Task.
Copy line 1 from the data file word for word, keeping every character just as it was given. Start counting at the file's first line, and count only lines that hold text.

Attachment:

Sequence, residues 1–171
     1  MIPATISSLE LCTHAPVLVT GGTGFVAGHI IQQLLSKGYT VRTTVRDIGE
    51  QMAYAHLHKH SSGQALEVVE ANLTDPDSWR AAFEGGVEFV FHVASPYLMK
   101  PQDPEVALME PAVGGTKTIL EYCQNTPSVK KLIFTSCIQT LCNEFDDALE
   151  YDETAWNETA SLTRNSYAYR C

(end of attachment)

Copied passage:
Sequence, residues 1–171